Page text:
WHITE PLAINS, N.Y. -- The final link in a recreational chain has gotten the official go-ahead, according to Westchester County Executive Rob Astorino.
The county last week got the unanimous approval from its Board of Acquisition and Contract to hire a contractor to close a half-mile-long hole between the North and South County Trailways.
Construction of the final phase is expected to begin in the spring and be completed by next fall.
In June, county legislators approved a $2.75 million bond act for the project, as well as a 25-year lease with the state Department of Transportation to build and operate a portion of the trailway on state property along the Saw Mill River.
The board’s action authorizes the county to construct an asphalt pathway from Warehouse Lane in the town of Greenburgh south to Main Street (Route 119) in the village of Elmsford.
Right now, hikers, bikers and joggers must detour along Warehouse Lane and busy Route 9A through Elmsford.
When the gap is closed, they will be able to enjoy nearly 37 miles of uninterrupted trails.
The trails, which are used by thousands of people each year, are “truly gems within our park system,” Astorino said.
Completing the trail isn’t just a quality-of-life issue; it also is a means of boosting the economic health of the communities it goes through, said Michael Kaplowitz, chairman of the county Board of Legislators.
“There are cottage industries that are growing up because of that ribbon of trail,” he said.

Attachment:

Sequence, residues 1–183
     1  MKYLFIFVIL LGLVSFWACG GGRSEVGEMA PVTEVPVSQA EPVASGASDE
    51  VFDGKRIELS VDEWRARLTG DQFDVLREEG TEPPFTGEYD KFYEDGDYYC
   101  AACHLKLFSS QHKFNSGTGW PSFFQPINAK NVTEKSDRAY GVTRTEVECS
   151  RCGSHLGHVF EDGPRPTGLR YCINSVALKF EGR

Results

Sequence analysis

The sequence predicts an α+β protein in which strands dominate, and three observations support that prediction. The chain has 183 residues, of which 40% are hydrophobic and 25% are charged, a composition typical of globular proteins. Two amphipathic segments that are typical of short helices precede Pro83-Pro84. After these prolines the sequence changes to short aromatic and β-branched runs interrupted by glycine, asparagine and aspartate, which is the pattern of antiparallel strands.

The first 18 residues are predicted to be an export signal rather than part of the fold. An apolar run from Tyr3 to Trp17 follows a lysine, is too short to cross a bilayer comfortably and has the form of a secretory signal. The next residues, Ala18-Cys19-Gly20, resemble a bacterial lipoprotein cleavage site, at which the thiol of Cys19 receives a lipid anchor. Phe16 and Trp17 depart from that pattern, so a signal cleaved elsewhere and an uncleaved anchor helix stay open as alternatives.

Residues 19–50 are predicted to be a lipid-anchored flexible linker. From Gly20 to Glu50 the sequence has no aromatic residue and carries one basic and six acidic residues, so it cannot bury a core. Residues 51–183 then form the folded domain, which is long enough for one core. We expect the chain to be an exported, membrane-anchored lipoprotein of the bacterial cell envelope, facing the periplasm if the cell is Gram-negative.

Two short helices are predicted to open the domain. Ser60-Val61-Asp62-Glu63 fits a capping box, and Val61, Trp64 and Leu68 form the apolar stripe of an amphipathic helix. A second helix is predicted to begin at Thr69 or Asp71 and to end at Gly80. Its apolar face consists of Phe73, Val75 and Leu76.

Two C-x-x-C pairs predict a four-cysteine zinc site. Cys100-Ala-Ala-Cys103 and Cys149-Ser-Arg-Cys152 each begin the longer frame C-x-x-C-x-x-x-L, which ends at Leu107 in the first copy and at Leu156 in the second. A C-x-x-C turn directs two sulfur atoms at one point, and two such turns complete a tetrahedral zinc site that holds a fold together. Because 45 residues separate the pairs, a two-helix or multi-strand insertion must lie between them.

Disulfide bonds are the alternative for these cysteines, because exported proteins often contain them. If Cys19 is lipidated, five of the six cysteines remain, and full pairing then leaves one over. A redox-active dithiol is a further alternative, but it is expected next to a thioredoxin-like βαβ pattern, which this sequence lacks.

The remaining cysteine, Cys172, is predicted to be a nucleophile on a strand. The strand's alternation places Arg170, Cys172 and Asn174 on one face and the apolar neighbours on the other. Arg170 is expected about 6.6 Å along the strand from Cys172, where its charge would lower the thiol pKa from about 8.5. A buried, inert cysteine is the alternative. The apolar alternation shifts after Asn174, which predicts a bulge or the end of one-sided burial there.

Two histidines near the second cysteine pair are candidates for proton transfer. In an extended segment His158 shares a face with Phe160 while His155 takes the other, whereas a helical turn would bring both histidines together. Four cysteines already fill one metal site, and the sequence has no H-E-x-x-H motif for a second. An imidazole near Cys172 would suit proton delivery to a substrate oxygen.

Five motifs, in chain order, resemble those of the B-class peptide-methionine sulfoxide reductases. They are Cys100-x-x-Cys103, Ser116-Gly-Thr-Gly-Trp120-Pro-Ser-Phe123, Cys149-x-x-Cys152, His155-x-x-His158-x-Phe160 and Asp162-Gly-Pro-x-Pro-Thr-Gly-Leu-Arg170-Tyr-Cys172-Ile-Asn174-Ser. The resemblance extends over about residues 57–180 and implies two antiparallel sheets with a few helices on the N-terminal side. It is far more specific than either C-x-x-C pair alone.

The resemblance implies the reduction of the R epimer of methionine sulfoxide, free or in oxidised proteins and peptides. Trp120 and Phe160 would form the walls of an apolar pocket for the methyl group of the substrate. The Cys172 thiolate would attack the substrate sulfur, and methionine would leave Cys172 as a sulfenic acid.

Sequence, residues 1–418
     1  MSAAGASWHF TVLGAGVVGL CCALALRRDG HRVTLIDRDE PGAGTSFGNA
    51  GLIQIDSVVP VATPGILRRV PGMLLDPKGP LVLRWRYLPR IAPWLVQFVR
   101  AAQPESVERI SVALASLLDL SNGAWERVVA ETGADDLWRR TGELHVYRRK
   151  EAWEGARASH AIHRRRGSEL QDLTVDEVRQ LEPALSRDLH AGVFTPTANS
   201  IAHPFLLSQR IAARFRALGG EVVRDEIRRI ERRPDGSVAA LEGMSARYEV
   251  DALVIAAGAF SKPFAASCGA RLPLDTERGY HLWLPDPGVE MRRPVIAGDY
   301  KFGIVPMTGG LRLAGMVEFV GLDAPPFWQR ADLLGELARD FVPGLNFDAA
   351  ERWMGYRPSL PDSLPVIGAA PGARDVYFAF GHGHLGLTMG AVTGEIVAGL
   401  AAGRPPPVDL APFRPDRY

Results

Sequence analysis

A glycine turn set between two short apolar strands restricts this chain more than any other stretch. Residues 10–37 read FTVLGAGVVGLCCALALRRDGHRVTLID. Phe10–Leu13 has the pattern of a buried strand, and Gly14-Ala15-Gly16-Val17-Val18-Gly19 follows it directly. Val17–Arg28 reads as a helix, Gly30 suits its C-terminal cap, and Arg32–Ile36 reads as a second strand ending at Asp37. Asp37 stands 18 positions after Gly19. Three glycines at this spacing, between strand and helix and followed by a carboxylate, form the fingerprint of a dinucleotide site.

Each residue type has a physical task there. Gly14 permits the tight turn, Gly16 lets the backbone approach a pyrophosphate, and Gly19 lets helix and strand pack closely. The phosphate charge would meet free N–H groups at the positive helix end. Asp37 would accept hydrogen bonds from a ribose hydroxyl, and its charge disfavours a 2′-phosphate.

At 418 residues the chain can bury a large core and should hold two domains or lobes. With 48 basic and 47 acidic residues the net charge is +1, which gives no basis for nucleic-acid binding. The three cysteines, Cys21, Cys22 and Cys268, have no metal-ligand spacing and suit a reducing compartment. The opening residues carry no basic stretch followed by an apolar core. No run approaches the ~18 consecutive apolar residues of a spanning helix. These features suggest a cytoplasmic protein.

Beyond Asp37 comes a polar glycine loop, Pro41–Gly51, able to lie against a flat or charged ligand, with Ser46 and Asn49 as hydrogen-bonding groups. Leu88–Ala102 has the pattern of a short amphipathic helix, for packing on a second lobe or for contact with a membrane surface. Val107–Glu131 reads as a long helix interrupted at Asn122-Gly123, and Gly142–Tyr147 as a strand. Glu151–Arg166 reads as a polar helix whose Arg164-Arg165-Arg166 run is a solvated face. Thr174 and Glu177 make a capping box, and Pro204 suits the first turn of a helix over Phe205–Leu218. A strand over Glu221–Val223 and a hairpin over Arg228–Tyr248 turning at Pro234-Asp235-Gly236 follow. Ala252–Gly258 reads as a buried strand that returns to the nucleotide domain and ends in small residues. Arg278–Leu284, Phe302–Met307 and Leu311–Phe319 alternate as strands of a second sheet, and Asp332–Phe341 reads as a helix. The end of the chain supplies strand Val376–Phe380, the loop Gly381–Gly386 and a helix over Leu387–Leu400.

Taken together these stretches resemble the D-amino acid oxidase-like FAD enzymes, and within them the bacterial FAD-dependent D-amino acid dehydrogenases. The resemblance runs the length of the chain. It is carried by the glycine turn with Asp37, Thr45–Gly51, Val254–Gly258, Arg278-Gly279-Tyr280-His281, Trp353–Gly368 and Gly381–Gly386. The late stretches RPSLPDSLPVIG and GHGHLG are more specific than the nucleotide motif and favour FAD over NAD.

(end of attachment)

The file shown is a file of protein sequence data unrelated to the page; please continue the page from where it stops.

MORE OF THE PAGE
Robert Hermann, president of the Westchester Cycle Club, said its more than 1,200 members now will have a safer path.
Hermann thanked the county and Greenburgh Supervisor Paul Feiner, whmo he called “a very strong advocate for cycling.”
He also praised the late Al DelBello, a former county executive, lieutenant governor and Yonkers mayor.
Hermann said DelBello, his former law partner, “began this pro-cycling effort way back in the 1970s.”
“We're very happy to see it continued,” he added.
Feiner and Elmsford’s deputy mayor, Edward Rush, said their municipalities both were planning projects to complement the new stretch of trailway.
Rush said Elmsford is seeking a federal grant to build a rest area with 20 parking spaces, security lighting, a pavilion and access to the trail on village-owned property.
Feiner has proposed a bike-share program for Greenburgh that will promote the trailway.
"If we had bikes that people could share placed along the trail and at some area hotels as well as train stations, it would encourage more people from out of the area to use the trail and enjoy their vacations in Westchester County," he said.